I'm drawn back out of my wandering thoughts by another muffled moan. Someone is in more pain than I am right now. His voice tugs at something inside me, and then I realize what it is—he misses someone deeply, too! His cries and moans are of missing someone you wish you could be with. My heart feels too big for my chest, and I feel the tears gathering up behind my eyes.
With a soft sigh, I start tapping at the vent in a series of longs and shorts. I suspect the boy in the room above me doesn't know Morse, so I just keep tapping out the same comforting message over and over again, hoping he will feel it.
You're not alone.
Because isn't that the fear housed inside many of us? That we're all alone in this world? I suspect even unimpaired people feel that way, but just imagine being trapped inside your own mind, knowing what you want to say but being unable to communicate it as the words get all jumbled up, free-floating inside your mind as if there's no gravity. Imagine someone touching you, and it feels like a thousand needles pricking along your nerve endings.
You're not alone.
I tap out the words over and over. Slowly, the muffled cries cease, and I can feel a curiosity in the silence that follows. Smiling to myself, I tap out the message again.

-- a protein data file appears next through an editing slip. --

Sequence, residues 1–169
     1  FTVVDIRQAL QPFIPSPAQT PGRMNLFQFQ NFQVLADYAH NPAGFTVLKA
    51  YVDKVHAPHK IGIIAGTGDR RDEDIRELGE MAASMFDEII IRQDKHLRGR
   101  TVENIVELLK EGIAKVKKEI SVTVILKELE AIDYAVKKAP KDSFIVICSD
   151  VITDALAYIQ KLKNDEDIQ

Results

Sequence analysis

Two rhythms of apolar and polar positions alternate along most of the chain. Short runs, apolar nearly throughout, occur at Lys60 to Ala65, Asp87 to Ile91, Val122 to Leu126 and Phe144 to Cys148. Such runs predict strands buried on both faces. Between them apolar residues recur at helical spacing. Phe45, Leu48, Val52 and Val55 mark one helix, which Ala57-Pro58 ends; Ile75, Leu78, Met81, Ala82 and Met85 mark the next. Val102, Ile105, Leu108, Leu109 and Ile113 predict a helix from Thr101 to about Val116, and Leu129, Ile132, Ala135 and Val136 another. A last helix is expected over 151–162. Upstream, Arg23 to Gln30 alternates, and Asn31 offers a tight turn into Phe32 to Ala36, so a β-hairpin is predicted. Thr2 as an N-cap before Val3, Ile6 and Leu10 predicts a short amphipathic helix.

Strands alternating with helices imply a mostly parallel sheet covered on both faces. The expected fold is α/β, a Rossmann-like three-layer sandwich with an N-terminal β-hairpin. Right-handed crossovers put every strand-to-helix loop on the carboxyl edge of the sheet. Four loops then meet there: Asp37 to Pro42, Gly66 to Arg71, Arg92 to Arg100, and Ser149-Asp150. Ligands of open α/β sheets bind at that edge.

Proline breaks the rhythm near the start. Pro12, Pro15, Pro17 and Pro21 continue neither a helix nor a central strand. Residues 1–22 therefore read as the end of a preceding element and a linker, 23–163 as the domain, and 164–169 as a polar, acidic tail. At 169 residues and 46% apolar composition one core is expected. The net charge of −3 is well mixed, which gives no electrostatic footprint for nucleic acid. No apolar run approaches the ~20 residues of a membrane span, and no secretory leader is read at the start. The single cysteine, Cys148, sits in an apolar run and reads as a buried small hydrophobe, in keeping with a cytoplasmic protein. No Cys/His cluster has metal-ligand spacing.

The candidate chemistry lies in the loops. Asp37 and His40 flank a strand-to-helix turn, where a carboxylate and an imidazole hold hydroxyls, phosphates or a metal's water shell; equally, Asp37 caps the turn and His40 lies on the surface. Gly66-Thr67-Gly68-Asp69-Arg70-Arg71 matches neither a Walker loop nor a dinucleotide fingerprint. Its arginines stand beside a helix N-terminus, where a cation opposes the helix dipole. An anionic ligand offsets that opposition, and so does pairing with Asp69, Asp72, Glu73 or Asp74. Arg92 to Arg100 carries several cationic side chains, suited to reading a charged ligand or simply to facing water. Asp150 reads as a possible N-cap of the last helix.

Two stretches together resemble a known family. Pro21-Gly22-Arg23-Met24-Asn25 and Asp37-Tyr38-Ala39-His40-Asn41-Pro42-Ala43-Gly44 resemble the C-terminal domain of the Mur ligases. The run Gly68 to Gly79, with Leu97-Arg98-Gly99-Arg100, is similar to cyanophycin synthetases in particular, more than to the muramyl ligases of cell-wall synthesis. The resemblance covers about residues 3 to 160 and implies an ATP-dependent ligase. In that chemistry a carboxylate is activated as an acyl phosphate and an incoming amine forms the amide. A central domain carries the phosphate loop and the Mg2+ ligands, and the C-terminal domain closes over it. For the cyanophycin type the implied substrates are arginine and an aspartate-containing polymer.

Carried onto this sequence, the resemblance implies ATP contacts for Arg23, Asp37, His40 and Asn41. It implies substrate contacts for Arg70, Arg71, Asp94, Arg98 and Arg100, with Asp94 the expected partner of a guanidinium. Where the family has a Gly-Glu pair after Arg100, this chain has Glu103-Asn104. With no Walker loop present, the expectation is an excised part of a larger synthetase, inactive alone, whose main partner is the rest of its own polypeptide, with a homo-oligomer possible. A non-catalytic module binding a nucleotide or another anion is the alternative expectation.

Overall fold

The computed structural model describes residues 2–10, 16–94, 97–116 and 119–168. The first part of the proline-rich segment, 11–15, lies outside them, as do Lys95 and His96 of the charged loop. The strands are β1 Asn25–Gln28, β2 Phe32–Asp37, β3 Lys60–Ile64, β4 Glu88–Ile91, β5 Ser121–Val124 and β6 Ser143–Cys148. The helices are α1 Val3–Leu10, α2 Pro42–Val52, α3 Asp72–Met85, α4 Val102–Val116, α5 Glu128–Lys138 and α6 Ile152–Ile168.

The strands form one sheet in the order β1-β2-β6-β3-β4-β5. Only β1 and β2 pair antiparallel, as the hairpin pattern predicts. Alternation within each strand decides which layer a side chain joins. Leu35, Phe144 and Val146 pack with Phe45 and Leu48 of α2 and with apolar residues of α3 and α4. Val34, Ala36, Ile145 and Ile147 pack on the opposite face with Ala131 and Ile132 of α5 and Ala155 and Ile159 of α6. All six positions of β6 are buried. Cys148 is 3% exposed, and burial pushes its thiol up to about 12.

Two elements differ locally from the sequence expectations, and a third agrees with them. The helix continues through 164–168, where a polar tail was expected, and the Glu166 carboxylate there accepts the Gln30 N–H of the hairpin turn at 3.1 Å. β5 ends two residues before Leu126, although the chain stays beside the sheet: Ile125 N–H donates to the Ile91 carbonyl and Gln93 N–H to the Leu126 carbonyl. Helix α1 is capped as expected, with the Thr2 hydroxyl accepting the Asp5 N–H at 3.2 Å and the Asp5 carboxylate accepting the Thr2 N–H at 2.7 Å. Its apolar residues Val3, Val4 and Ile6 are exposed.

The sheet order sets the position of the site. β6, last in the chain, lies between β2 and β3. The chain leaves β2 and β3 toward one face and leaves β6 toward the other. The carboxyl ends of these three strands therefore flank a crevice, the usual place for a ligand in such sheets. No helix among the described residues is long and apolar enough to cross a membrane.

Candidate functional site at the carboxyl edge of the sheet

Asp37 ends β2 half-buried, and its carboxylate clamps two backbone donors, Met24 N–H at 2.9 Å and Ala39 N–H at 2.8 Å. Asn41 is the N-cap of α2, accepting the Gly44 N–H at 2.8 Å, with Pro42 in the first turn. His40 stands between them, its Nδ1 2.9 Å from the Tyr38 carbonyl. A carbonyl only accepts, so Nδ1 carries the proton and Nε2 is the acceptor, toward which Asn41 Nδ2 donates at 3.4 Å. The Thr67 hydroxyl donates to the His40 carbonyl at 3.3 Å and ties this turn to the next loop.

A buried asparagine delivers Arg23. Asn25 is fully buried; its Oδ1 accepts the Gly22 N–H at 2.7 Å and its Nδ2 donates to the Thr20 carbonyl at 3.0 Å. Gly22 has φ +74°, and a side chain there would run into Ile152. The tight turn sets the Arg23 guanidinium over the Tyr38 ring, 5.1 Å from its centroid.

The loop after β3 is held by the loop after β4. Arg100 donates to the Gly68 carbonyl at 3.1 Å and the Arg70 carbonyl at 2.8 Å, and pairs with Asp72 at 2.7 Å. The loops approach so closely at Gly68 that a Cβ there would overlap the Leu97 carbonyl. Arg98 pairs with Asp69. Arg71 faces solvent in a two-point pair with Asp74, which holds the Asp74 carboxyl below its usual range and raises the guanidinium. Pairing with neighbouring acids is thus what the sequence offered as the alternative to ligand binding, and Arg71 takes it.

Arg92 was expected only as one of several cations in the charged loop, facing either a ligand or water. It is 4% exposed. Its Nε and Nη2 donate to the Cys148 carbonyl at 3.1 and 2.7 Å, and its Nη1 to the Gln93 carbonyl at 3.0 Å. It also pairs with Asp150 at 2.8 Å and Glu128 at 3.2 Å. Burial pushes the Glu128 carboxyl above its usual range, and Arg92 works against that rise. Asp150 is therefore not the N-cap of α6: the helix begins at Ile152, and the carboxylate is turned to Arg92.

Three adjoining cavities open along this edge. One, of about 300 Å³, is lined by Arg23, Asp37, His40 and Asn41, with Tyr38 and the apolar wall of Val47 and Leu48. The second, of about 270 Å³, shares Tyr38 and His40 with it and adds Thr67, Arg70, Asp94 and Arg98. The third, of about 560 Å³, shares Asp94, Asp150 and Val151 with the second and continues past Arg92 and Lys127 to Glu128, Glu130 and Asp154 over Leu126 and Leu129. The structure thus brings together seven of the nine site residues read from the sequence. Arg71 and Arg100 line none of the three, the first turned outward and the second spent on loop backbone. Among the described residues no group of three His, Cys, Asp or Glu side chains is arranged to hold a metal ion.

You're not alone.
Eventually, I hear shuffling and a muffled bump. The boy must be sitting against the wall by the matching vent in his room. I smile to myself. Even if he doesn't know what I'm tapping out, he's not moaning any more or screaming into his pillow.
You're not alone.
Suddenly, there's a muffled tapping sound coming back through the vent, and I realize that he's copying my message. It only takes him a few tries, and he's tapping my message back at me like a pro. He doesn't know what I'm saying to him, but I think he knows on some level that I'm trying to comfort him. We continue to mirror the message back and forth over the next hour.
My eyes begin to droop, and I know I must get some sleep. Changing my pattern, I tap out goodnight a few times. He taps it back. Tonight, I fall asleep with a smile plastered on my face for the first time since Brody left.